Enjoy accounts of the agony of the blocked writer? Read Geoff Dyer’s ‘Out of Sheer Rage”

Geoff has written plenty of books, but he had a really rough go on this one.

Out of Sheer Rage: Wrestling with D.H. Lawrence was originally intended to be an academic study of D.H. Lawrence, or maybe a novel…or something. It turned out to be “or something” –  a darkly hilarious and agonizing first-person account of not-writing.

I assigned this book once in a class I taught, thinking it would be an entertaining way for blocked writers to identify with the struggles of a known writer who was having trouble. Turns out it was traumatic to most of them, because Dyer’s expression of his mental and emotional turmoil was so intense and honest. They couldn’t see the humor in it, and seemed a bit irked that I had made them read it.

Even though it’s true that Dyer missed deadlines and experienced a profound sense of powerlessness, self-hatred, anger, depression and anxiety, somehow he was eventually able to write a book, albeit a very different one from what he had imagined. It is a good example of making lemonade out of the sourest of lemons.

He really does a good job of describing his tortured, many month process of not writing a book about Lawrence (who he admired tremendously). By cataloguing his inner process and procrastinating behavior so clearly and bravely, he unintentionally shows other blocked writers how to work with the many challenges inherent in the writing life.

Perhaps it’s just the psychologist in me that is fascinated and amused by this account of a monumental struggle with the written word. I won’t assign it to my class again, but maybe you should read it someday when you don’t feel like writing.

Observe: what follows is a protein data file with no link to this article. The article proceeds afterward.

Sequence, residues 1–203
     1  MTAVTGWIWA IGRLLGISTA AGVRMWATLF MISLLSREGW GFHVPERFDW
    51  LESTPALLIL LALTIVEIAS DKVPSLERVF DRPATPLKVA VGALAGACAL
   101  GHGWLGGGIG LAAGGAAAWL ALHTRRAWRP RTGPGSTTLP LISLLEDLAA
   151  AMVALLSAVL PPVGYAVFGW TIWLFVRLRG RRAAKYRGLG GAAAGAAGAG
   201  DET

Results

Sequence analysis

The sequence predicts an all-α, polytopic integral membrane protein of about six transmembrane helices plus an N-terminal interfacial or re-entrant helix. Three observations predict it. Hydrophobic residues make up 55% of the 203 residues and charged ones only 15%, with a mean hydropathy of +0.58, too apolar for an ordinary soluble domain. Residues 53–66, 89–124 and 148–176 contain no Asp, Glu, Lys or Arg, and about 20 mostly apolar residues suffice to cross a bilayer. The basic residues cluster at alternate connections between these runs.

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Starting up again, after a long writing drought

If you’ve had a long non-productive spell in your writing and are making plans to start up again, structure your reentry plan so that failure is unlikely to occur. Protect yourself from the habitual tendencies that will predictably derail your train of words if given the chance.

Begin by taking small steps that would be very difficult to not do. For instance, if your goal is to start writing every day, make the sessions short (maximum of 15 minutes) so it’s hard to rationalize skipping the session.

Sometimes people in this situation complain to me that small steps are not enough, considering the scope of what they want to accomplish. I understand, but, small is better than no steps, and excessively challenging daily goals activate gnarlier resistances. Be pragmatic and don’t discount seemingly small steps – they add up over time, and your daily productivity will grow as the writing habit grows stronger.

If you have identified factors that have helped you write successfully in the past, incorporate these elements into your preparations and planning for your writing sessions. This could be as simple as recreating the same writing space you had when you wrote well in the past. If someone was very helpful on a previous successful project, is that person or someone similar available now?

Writers are always working on this issue of commitment to their work, and over a career, falling off the wagon and getting back on is a common dynamic. Getting back on the wagon sooner rather than later is better, but it’s never too late.

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Rip Van Winkle Writing Habits: How long does it take to change them?

Rip Van Winkle was a rather lazy procrastinator who went to sleep for twenty years. When he awoke the world had changed. This can happen to any writer.